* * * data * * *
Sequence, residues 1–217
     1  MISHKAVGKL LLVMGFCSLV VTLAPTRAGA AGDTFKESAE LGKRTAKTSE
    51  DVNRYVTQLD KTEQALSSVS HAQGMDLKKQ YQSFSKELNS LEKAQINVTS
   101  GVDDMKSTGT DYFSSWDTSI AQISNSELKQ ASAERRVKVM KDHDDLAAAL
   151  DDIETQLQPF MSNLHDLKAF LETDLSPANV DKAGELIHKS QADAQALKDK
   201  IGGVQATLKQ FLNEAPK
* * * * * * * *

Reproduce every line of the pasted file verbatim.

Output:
Sequence, residues 1–217
     1  MISHKAVGKL LLVMGFCSLV VTLAPTRAGA AGDTFKESAE LGKRTAKTSE
    51  DVNRYVTQLD KTEQALSSVS HAQGMDLKKQ YQSFSKELNS LEKAQINVTS
   101  GVDDMKSTGT DYFSSWDTSI AQISNSELKQ ASAERRVKVM KDHDDLAAAL
   151  DDIETQLQPF MSNLHDLKAF LETDLSPANV DKAGELIHKS QADAQALKDK
   201  IGGVQATLKQ FLNEAPK